fragmented across multiple vehicles and providers (from 7 percent in tax-exempt stocks and shares ISAs to 23 percent in investment bonds).2 In fact, only a comparatively few individuals have more than £250,000 available to invest in the typical products that the wealth industry provides, such as investment funds and shares. Beyond real estate and securities, cash remains popular (32 percent of total liquid wealth), and allocation of cash to the asset class remains above the pre-crisis levels of 2007, though down from the crisis peak of 2008–09 when consumer fears led to a spike in savings. It’s an important source of liquidity across all households, but especially among the affluent with less than £500,000 in liquid wealth. Given this reliance on cash, managers should consider developing integrated cash and investments propositions such as term deposits, sweep accounts (to automatically invest balances above a certain limit), and advice (including IT-based offerings). Finally, defined contribution (DC) pension assets continue to grow. DC pensions, in which employers give each individual an established contribution each year toward a retirement fund, are now valued at about £800 billion, representing 19 percent of liquid wealth overall. The stock market’s recovery since 2009 has also contributed greatly to their value, since DC pensions allocate on average 43 percent to equities.3 As employers continue to phase out defined benefit (DB) pensions from their retirement offerings, and thereby avoid the commitment to lifelong regular payments, DC pensions will continue to grow and become individuals’ primary retirement vehicle. Already, people ages 45 and younger are more likely to have a DC than a DB pension, and many accumulate more than one DC pension if they change employers. These job-hoppers need pension consolidation services that manage their overall DC assets based on projected retirement income. Refine age segmentation At the same time that wealth managers tend to lean heavily on measures such as securities holdings to segment wealth subgroups, they pay relatively little attention to another important segmentation factor: age (see Exhibit 5, next page). The needs and behaviors of affluent households in the 35 to 44 and 65 to 74 age bands are fundamentally different, yet wealth management segmentation strategies often don’t take this fact into account. People in the younger group are about to enter their peak earning years and have relatively less accumulated wealth. They need a better financial education to ground them in sturdy, lifelong investment habits. Those in the latter group are more educated and wealthy, but their earning potential is declining and they are primarily focused on preserving capital.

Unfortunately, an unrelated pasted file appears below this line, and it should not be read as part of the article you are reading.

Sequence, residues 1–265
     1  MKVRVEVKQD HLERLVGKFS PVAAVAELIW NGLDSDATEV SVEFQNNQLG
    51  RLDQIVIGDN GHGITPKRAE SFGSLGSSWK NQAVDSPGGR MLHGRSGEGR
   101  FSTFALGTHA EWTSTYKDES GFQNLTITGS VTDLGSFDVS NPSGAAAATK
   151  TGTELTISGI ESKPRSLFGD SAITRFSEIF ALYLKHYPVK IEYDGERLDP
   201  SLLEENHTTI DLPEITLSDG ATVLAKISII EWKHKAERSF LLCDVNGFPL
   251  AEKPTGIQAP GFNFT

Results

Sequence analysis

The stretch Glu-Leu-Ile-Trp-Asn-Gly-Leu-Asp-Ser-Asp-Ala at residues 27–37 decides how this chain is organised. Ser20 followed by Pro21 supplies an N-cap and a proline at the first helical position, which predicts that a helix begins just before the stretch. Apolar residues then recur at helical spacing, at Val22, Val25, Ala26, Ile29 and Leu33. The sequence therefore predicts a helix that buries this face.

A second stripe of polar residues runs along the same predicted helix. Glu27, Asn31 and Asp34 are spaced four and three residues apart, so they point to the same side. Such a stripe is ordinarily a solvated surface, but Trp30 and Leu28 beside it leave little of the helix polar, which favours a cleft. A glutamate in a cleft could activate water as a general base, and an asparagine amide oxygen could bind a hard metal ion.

People ages 45 and younger are more likely to have a defined contribution (DC) pension, and many accumulate more than one DC pension if they change employers.
Exhibit 5 Total liquid wealth by age band, 2012
£1,137 bn 27.2%
De-cumulation £1.3 trillion held by households in retirement = 32% of total liquid wealth £544 bn 13.0%
£869 bn 20.8% £643 bn 15.4%
£777 bn 18.6%
£193 bn 4.6% £18 bn 0.4% Age band Average liquid wealth 18–24 £18,000 25–34 £52,000 35–44 £120,000 45–54 £180,000 55–64 £264,000 65–74 £222,000 75+ £147,000
Source: ONS; Strategy& analysis
The need to develop segmentation strategies based on age becomes more critical by the day given the aging population in the U.K. and other developed countries (see Exhibit 6, next page). Pre-retirement households — led by individuals ages 55 to 64 — are the wealthiest in the United Kingdom. These 4.3 million households control £1.1 trillion in liquid wealth (27.2 percent of the U.K. total), for an average of about £250,000 per household. Households in retirement own almost a third of U.K. household liquid wealth (approximately £1.3 trillion), but the segment’s wealth steadily declines after retirement as the population declines and households start to de-cumulate. This dynamic will become more pronounced over the next two decades as retirement households become a greater proportion of total households. Today, there are 7.2 million retirement households (27.4 percent of the U.K.’s total households), which own £1.3 trillion of the country’s liquid wealth. The number of households will jump to 8.8 million in 10 years and to 10.6 million in 20 years. Their liquid wealth will grow correspondingly, reaching £1.7 trillion in 10 years and £2.2 trillion in 20 years. Naturally, the needs of retirees in the de-cumulation phase differ from those of the working-age wealthy. But the products and services of wealth managers have not adjusted sufficiently. To serve this population better, managers need to expand into de-cumulation solutions such as income collection, cash flow planning, and inflation risk. They should